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    10918 results match your criteria Annals of neurology[Journal]

    1 OF 219

    Sensation, mechanoreceptor and nerve fiber function after nerve regeneration.
    Ann Neurol 2017 Nov 20. Epub 2017 Nov 20.
    Integra LifeSciences, Plainsboro, NJ, 08536, USA.
    Objective: Sensation is essential for recovery after peripheral nerve injury. However, the relationship between sensory modalities and function of regenerated fibers is uncertain. We have investigated the relationships between touch threshold, tactile gnosis and mechanoreceptor and sensory fiber function after nerve regeneration. Read More

    Natural History of Infantile-Onset Spinal Muscular Atrophy.
    Ann Neurol 2017 Nov 17. Epub 2017 Nov 17.
    Department of Neurology, The Ohio State University Wexner Medical Center, Columbus, OH.
    Objective: Infantile-onset spinal muscular atrophy (SMA) is the most common genetic cause of infant mortality, typically resulting in death prior to age 2. Clinical trials in this population require an understanding of disease progression and identification of meaningful biomarkers to hasten therapeutic development and predict outcomes.

    Methods: A longitudinal, multi-center, prospective natural history study enrolled 26 SMA infants, and 27 control infants less than six months of age. Read More

    Mitochondrial DNA changes in pedunculopontine cholinergic neurons in Parkinson's.
    Ann Neurol 2017 Nov 17. Epub 2017 Nov 17.
    Division of Brain Sciences, Faculty of Medicine, Hammersmith Hospital Campus, Imperial College London, London, United Kingdom.
    In Parkinson's disease (PD), mitochondrial dysfunction associates with nigral dopaminergic neuronal loss. Cholinergic neuronal loss co-occurs, particularly within a brainstem structure, the pedunculopontine nucleus (PPN). We isolated single cholinergic neurons from post-mortem PPNs of aged controls and PD patients. Read More

    A localized pallidal physiomarker in cervical dystonia.
    Ann Neurol 2017 Nov 11. Epub 2017 Nov 11.
    Department of Neurology, Movement Disorders and Neuromodulation Unit, Campus Charite Mitte, Charité - Universitätsmedizin Berlin, Chariteplatz 1, 10117, Berlin, Germany.
    Objective: Deep brain stimulation (DBS) allows for direct recordings of neuronal activity from the human basal ganglia. In Parkinson's disease, a disease-specific physiomarker was identified that is now used to investigate adaptive closed-loop stimulation in first studies. In dystonia such a physiomarker is missing. Read More

    A variant in PPP4R3A protects against Alzheimer-related metabolic decline.
    Ann Neurol 2017 Nov 11. Epub 2017 Nov 11.
    Department of Neurology and Neurological Sciences, FIND Lab, Stanford University, Stanford, CA.
    Objectives: A reduction in glucose metabolism in the posterior cingulate cortex (PCC) predicts conversion to Alzheimer's disease (AD) and tracks disease progression, signifying its importance in AD. We aimed to use decline in PCC glucose metabolism as a proxy for the development and progression of AD to discover common genetic variants associated with disease vulnerability.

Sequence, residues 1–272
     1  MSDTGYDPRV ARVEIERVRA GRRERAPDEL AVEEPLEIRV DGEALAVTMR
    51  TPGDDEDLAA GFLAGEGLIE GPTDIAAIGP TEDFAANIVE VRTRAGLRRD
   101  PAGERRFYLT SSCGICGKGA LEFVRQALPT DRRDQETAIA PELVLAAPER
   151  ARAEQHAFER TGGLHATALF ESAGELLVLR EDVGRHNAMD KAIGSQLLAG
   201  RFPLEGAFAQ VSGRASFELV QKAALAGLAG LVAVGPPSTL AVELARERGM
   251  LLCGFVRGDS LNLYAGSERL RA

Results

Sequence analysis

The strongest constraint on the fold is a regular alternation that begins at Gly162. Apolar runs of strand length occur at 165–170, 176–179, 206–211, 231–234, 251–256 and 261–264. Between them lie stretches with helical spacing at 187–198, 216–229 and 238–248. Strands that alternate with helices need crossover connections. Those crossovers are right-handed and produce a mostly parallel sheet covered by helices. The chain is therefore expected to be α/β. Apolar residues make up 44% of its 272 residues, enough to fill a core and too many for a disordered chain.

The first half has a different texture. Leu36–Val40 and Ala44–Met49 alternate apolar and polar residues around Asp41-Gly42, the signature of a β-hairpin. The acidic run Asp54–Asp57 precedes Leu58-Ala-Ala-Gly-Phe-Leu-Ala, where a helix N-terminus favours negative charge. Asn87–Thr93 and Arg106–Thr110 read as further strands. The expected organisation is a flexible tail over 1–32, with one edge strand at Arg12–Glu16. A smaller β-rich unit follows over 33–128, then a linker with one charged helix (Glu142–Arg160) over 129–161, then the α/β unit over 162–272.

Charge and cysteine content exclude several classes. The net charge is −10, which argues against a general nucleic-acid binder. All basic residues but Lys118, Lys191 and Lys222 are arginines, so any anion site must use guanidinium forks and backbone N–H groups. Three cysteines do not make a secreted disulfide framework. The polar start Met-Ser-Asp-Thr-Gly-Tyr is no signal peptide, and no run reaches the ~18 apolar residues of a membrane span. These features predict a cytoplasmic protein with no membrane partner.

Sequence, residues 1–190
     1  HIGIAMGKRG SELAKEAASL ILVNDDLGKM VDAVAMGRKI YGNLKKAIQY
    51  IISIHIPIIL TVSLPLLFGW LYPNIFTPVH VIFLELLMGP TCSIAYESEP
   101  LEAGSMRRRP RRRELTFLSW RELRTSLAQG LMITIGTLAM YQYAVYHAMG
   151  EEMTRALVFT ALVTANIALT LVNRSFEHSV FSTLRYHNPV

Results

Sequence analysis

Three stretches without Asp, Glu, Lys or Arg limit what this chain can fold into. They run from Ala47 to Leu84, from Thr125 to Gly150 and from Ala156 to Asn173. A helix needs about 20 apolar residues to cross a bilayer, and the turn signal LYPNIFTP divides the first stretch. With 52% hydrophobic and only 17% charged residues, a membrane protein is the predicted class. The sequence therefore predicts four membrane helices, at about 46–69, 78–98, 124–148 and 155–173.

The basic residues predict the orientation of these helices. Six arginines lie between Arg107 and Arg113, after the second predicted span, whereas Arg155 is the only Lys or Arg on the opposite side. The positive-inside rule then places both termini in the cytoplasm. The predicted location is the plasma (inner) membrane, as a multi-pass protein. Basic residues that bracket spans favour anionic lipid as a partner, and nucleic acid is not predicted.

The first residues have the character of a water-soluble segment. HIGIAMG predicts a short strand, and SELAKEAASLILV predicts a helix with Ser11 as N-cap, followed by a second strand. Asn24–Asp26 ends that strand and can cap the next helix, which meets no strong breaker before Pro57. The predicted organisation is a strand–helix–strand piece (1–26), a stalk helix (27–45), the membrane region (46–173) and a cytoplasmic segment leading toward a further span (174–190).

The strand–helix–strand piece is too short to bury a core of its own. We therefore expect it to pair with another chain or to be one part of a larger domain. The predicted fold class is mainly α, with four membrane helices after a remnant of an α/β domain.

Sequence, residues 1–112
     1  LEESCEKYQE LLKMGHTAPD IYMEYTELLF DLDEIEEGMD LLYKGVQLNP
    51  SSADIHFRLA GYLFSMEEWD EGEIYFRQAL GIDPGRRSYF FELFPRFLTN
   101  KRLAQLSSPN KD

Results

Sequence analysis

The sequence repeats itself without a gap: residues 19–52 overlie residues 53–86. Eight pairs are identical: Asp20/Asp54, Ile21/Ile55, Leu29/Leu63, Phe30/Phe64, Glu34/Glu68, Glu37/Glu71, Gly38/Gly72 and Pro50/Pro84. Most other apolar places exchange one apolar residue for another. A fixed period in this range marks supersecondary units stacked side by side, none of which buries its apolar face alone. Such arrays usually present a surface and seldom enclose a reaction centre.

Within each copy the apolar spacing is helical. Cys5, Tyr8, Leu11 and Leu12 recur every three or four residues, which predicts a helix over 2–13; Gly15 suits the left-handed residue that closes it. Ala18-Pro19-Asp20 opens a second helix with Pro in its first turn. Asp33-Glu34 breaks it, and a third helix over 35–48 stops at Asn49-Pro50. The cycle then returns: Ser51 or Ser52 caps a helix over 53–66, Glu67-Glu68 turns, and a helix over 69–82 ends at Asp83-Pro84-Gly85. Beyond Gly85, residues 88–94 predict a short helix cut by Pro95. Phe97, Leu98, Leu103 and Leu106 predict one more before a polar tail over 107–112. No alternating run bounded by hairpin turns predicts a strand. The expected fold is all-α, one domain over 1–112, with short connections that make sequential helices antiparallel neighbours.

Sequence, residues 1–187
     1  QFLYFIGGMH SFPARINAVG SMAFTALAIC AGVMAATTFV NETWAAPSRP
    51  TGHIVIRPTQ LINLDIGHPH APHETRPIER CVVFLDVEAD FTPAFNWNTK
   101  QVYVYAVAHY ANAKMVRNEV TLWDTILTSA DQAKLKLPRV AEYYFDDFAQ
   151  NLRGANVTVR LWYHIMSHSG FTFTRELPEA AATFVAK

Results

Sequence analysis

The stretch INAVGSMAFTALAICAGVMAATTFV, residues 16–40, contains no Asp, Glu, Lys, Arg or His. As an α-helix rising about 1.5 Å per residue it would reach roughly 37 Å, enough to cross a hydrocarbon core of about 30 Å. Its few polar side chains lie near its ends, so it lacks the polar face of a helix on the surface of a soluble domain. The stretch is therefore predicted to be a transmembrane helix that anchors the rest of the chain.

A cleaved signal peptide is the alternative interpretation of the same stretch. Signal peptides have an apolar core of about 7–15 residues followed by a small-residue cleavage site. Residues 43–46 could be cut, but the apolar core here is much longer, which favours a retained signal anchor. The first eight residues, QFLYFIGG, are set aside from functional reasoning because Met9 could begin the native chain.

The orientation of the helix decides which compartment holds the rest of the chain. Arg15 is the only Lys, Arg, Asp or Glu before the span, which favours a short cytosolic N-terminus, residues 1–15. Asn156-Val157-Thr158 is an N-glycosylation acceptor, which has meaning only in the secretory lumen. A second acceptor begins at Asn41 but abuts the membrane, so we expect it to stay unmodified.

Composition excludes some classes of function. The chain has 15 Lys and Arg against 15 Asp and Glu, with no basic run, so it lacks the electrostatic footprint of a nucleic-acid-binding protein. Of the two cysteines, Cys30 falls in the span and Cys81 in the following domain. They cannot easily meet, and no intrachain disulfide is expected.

Methods: We performed a genome-wide association study (GWAS) of decline in PCC [(18) F] FDG PET measured in Alzheimer's Disease Neuroimaging Initiative (ADNI) participants (n=606). Read More

    Heterogenous migraine aura symptoms correlate with visual cortex fMRI responses.
    Ann Neurol 2017 Nov 11. Epub 2017 Nov 11.
    Danish Headache Center and Department of Neurology, Rigshospitalet Glostrup, Faculty of Health and Medical Sciences, University of Copenhagen, Glostrup, DK, 2600, Denmark.
    Objective: Migraine aura is sparsely studied due to the highly challenging task of capturing patients during aura. Cortical spreading depression (CSD) is likely the underlying phenomenon of aura. The possible correlation between the multifaceted phenomenology of aura symptoms and the effects of CSD on the brain has not been ascertained. Read More

    Reforming the Taxonomy in Disorders of Consciousness.
    Ann Neurol 2017 Nov 1. Epub 2017 Nov 1.
    The Brain and Mind Institute, University of Western Ontario, London, Ontario, Canada.
    This paper examines the serious shortcomings that characterize the current taxonomy of post-comatose disorders of consciousness (DoC), and it provides guidelines for how an improved DoC taxonomy might be developed. In particular, it is argued that behavioural criteria for the application of DoC categories should be supplemented with brain-based criteria (e.g. Read More

    A clinical predictive score for postoperative myasthenic crisis.
    Ann Neurol 2017 Nov 10;82(5):841-849. Epub 2017 Nov 10.
    Department of Neurology, Graduate School of Medicine, Chiba University, Chiba.
    Objective: Myasthenia gravis (MG) is an autoimmune disease mostly caused by autoantibodies against acetylcholine receptor associated with thymus abnormalities. Thymectomy has been proven to be an efficacious treatment for patients with MG, but postoperative myasthenic crisis often occurs and is a major complication. We aimed to develop and validate a simple scoring system based on clinical characteristics in the preoperative status to predict the risk of postoperative myasthenic crisis. Read More

    Microglial dysfunction as a key pathological change in adrenomyeloneuropathy.
    Ann Neurol 2017 Nov 11;82(5):813-827. Epub 2017 Nov 11.
    Department of Neurology, Massachusetts General Hospital, Harvard Medical School, Boston, MA.
    Objective: Mutations in ABCD1 cause the neurodegenerative disease, adrenoleukodystrophy, which manifests as the spinal cord axonopathy adrenomyeloneuropathy (AMN) in nearly all males surviving into adulthood. Microglial dysfunction has long been implicated in pathogenesis of brain disease, but its role in the spinal cord is unclear.

    Methods: We assessed spinal cord microglia in humans and mice with AMN and investigated the role of ABCD1 in microglial activity toward neuronal phagocytosis in cell culture. Read More

    Stimulation of the mesencephalic locomotor region for gait recovery after stroke.
    Ann Neurol 2017 Nov 11;82(5):828-840. Epub 2017 Nov 11.